Unforunately people who who have only joined the lettings and sales industry in the UK over the last few years are not fully aware of the risks of "meeting strangers"
Suzy Lamplugh In 1986 estate agent Suzy Lamplugh, a 25 year old estate agent disappeared after she went to meet an unknown client. So far her body has not been found. However, she has been presumed murdered and legally declared dead. Her parents, Paul and Diana Lamplugh, believed that Suzy, like most people at that time - and even now - was simply unaware of the possible dangers that individuals can face in society.
Paul and Diana founded the Trust to highlight the risks people face and to offer advice, action and support to minimise those risks. I was privilidged to hear her mother Diana speak at a meeting of ARLA The Association of Residential Letting Agents at Pall Mall. London.It was a very moving talk and memorable.
Stephanie Slater On 22nd January 1992 whilst working as an estate agent in the Great Barr area of Birmingham, UK Stephanie Slater was showing a 'prospective buyer' around a house in Turnberry Road. Unknown to her, this simple part of her day to day work would now horrifically change the rest of her life forever. Her 'client', it transpired, wasn't interested in buying the property at all; he was a murderer, kidnapper and extortionist who held her for 8 days in a coffin sealed inside a wheelie bin whilst he negotiated a ransom of £175,000 from her employers. She survived to tell her story.
After being in the business for over 25 years I know that people cut corners. They need the let or sale. They might be on commission or have targets to meet and it is all to easy to immediately go off with an applicant who has just walked into your office.It does not matter whether you are Female or Male....the same rules must apply.
Listed below are some basic ground rules
- Arranging an appointment for an applicant to view a property - (Either accompanied viewing by agency staff or by the property owner or tenant) - Record the applicants name and address in a proper viewing record book. Take his/her contact telephone number (usually these days they will offer a mobile, but try and get a home number and work number as well). If the applicant refuses to give an address, politely explain that this is your agency's security policy and they will probably find the same situation at other agents. You are not allowed to set up an appointment without that information.
- You should phone the applicant back to confirm the appointment.
- Although some agents will offer to take an applicant to the property, this can be unwise. If the situation is diplomatically put - Your car is not covered by insurance for this is usually a good reason. If the applicant has come into your office, say you will go in separate cars. Take a note of the applicant's car registration number. Consider always locking your car doors when you are driving. People have often had handbags snatched at traffic lights for example.
- If it is a member of your agency's staff that is meeting an applicant (and the applicant's telephone number) always write details in the office diary or if you run your own independent office diary (either in a physical diary book or on computer). Although details will have been recorded in a proper viewing record book they must be recorded in diary so that other members of staff are aware of the appointment.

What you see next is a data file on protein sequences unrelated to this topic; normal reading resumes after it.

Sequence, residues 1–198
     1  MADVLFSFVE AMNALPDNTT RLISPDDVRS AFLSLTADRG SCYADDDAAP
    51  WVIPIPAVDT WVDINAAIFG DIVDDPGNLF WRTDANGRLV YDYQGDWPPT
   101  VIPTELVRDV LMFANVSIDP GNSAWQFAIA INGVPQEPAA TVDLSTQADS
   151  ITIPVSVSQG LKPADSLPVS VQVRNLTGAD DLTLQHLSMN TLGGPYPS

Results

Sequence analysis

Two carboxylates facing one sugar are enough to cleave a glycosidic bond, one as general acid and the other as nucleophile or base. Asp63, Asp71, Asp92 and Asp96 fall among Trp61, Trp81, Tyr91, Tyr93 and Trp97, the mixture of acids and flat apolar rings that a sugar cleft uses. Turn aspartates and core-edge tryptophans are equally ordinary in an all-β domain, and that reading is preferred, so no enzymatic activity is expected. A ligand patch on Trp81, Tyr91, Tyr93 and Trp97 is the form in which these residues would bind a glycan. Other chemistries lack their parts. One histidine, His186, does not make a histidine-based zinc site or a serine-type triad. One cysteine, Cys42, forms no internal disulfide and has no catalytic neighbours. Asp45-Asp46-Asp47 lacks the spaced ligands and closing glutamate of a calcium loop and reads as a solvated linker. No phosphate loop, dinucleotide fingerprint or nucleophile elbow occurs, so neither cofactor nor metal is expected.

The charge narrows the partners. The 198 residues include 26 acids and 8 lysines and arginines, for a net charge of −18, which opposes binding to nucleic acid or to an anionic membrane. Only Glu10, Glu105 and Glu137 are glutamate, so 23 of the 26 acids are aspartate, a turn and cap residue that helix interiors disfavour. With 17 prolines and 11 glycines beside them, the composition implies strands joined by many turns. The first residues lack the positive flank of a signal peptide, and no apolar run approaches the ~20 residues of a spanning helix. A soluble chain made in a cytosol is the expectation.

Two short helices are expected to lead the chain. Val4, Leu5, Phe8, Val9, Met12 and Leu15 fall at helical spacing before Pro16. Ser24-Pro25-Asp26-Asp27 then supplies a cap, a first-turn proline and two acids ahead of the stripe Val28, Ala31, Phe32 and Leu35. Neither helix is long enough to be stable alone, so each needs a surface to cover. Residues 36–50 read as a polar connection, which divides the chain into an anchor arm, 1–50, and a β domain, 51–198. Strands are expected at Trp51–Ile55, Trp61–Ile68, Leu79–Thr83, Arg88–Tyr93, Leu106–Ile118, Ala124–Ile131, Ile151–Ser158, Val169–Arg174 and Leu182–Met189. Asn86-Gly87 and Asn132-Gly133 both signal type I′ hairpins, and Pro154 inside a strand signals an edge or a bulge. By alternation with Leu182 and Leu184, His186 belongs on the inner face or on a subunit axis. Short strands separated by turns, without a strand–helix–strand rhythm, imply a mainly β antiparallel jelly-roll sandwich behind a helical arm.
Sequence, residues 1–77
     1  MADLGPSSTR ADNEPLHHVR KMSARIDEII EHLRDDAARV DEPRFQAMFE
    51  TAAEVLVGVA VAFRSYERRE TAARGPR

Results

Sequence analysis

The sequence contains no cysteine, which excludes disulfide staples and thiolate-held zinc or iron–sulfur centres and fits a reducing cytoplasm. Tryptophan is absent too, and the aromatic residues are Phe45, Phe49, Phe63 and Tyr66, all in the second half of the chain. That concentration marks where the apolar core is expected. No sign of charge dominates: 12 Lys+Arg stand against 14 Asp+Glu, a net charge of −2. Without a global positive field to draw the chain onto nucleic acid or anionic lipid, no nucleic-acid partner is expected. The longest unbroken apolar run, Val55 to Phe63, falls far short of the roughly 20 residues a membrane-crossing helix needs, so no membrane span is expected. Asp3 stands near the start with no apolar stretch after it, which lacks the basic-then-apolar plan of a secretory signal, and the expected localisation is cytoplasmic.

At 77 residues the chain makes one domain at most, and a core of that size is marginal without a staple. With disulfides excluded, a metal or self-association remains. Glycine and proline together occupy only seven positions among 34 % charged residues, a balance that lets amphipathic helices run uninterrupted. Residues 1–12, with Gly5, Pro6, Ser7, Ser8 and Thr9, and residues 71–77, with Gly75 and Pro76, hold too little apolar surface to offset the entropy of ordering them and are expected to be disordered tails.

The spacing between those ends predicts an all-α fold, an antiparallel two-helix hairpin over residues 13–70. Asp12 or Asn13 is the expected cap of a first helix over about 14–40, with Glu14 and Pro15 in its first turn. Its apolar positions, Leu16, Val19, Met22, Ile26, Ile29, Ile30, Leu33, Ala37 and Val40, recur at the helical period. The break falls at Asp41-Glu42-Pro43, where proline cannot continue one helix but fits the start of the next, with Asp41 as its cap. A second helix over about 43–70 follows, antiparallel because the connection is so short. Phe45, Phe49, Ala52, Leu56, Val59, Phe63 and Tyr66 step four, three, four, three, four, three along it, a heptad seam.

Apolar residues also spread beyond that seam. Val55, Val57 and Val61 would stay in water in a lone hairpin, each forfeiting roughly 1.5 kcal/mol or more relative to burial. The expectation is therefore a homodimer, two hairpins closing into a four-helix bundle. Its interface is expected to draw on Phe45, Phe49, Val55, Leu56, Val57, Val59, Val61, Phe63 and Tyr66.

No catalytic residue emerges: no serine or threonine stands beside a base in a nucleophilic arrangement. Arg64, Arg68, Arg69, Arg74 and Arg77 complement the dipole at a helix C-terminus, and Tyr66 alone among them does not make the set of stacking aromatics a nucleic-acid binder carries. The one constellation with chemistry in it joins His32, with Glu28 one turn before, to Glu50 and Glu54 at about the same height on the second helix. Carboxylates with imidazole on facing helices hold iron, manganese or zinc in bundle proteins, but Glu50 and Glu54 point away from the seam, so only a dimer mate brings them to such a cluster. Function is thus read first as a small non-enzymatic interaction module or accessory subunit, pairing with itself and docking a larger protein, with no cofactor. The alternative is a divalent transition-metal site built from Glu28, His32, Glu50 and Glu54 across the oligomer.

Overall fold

- Tell another colleague where you are going. If you don't return, they can at least inform the right people.
- Think very carefully before giving out your personal mobile phone number or your home phone number.
- If you are showing more than one applicant a property, every applicant's details must be recorded together with the time of the appointment.
- If you are showing the same applicant more than one property all those details must be recorded in proper viewing record book and diary.
- At the property - Put yourself in an alert frame of mind and if you have a personal alarm (a wise investment that does not cost a lot) keep it at hand in a pocket. Always let the applicant go into each room first ahead of you and where possible keep yourself between the door and the applicant (this applies at the entrance door to the property as well). Always keep your line of escape open. If you feel the applicant's behaviour appears suspicious leave the property immediately, telephone your office and if necessary the police. If you are delayed (traffic problems - applicant turning up late etc) phone into your office. Always keep car keys to hand so you can make a fast escape.
- Because of the business you are in often involves "out of hours" appointments, it could be that there will be no one at the office. In that case try and let a colleague know the appointment is over (practically everyone now has a mobile phone) and if you can't do that let a friend, relative, partner know. Take extra care when there is no daylight and if the lighting does not work at a property do not attempt to show anyone around. Explain to the applicant if he/she says they have a torch that it is breaking Health and Safety regulations.
- Arranging a sales or rental valuation - Ensure that all details have been recorded. You should check to see if the Owner (Vendor - Landlord) actually lives at the property. Details should be recorded in a diary. You should then follow the same guidelines as in section above.
The property world is very competitive these days, a lot more than in the 1980's and 1990's, however those working in it must always be vigilant on their account and others they working with or working for be it an employer or client. Many people in the sales side of estate agents have lost their jobs or are about to, however you should not take risks and remember the rules of personal safety. Philip Suter